From the Bishop’s Desk: Dimensions of Reformation History
I am writing to invite you to consider seriously participation in a very special event that is part of the synod’s commemoration of the 500th anniversary of the Reformation
With support from the Synod Council, the ELCA World Hunger Education unit, the German Embassy and several congregations in the synod, a unique – and hopefully stimulating – theological symposium has been planned for Friday, November 6 (beginning at 5 p.m.) through Saturday, November 7 (concluding at 1 p.m.) at Lutheran Church of the Reformation on Capitol Hill.
We’ve called it “Forgotten Luther” because it highlights a dimension of Reformation history that has not received a great deal of attention in our theological education. Yet it is rooted in biblical theology and in the history of the reform movement.
For those of you seeking ways one might respond to the challenges of our time, especially poverty, racism and income disparity, the five theologians presenting at “Forgotten Luther” have something very important to say.
Some of you will know Cynthia Moe-Lobeda from her time in D.C. She has become a globally-recognized theologian, now a professor at Pacific Lutheran Theological Seminary. Gordon “Tim” Huffman has been a pioneer in Lutheran-based liberation theology. Samuel Torvend of Pacific Lutheran University has written an eye-opening study, Luther and the Hungry Poor. Jon Pahl of Lutheran Theological Seminary at Philadelphia will build a bridge from the Catechisms to the streets of America. The prophet voice behind the movement to recover ‘the forgotten Luther’ is Carter Lindberg of Boston University, who will give the keynote after a catered ‘Beer and Brats’ dinner.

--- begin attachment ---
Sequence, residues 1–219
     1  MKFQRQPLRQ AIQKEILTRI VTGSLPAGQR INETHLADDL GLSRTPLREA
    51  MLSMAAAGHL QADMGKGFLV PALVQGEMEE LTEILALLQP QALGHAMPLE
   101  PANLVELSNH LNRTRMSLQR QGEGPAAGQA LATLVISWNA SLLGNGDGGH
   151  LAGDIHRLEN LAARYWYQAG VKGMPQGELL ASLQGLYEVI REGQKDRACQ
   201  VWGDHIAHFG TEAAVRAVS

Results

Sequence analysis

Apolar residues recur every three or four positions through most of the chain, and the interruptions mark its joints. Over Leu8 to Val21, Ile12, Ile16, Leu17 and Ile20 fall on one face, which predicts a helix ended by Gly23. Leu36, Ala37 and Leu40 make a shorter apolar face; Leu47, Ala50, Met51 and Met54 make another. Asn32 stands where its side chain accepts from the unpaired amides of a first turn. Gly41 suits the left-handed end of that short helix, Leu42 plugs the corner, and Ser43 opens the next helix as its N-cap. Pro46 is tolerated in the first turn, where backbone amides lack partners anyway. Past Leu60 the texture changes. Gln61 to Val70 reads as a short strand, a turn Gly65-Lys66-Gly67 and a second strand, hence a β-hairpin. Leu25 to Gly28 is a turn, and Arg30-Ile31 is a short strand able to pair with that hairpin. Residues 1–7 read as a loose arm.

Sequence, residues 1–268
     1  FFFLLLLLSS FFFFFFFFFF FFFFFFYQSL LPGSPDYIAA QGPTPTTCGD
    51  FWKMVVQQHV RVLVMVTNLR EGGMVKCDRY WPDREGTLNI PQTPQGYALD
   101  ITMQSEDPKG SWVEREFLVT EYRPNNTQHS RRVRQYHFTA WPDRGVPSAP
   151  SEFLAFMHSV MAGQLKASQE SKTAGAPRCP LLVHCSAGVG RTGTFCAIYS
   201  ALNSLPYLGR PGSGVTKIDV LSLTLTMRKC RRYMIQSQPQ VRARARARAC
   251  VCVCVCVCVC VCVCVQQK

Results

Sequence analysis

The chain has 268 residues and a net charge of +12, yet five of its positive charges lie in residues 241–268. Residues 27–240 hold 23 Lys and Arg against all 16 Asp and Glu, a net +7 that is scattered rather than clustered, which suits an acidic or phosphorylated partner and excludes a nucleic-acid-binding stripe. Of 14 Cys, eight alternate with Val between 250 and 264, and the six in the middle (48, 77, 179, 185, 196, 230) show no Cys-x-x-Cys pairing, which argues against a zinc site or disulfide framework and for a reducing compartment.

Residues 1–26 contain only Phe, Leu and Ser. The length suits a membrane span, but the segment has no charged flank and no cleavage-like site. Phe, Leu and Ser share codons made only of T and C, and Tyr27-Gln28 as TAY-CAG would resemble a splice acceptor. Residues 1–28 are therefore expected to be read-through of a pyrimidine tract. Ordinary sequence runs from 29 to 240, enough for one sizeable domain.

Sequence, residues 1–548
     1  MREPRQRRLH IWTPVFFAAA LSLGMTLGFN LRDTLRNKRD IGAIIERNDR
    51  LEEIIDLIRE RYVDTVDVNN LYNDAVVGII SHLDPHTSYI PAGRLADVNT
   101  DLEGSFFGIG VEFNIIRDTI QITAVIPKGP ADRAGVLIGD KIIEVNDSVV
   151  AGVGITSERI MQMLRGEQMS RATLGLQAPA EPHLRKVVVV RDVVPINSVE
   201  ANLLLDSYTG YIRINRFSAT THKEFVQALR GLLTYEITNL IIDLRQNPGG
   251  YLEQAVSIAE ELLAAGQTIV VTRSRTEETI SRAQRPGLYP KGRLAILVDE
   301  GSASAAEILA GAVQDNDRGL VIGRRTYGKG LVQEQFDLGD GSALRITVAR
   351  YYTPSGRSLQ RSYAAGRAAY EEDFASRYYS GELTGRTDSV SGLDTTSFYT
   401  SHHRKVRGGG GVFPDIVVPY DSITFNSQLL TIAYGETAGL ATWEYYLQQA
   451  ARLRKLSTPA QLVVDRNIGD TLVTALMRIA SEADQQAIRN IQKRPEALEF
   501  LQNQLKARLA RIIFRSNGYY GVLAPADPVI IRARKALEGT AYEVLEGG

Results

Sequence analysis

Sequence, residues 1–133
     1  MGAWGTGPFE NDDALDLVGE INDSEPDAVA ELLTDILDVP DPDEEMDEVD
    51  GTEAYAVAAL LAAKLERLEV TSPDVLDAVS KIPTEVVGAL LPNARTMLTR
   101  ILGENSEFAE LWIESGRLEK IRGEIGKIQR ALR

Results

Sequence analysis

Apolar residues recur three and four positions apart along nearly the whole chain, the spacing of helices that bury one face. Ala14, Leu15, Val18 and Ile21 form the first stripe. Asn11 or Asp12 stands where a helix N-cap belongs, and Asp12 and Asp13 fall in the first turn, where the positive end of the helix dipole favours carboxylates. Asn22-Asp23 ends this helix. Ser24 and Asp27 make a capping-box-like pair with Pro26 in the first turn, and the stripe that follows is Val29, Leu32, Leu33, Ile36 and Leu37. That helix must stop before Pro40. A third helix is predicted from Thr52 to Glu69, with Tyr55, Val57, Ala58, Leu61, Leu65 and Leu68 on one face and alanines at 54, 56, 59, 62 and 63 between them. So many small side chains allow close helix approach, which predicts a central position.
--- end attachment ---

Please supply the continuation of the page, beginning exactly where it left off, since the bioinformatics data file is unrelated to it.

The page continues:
Download a flyer or bulletin insert for yourself, and share one with a friend or others in your congregation. And reserve tickets. The registration fee will help us pay for the event, but those unable to pay the full cost will also be most welcome. Scholarships are available.
Let me note that the ELCA World Hunger Education unit will be videotaping parts of the event in the preparation of educational material for use in congregations. Your presence at the event would certainly strengthen this effort.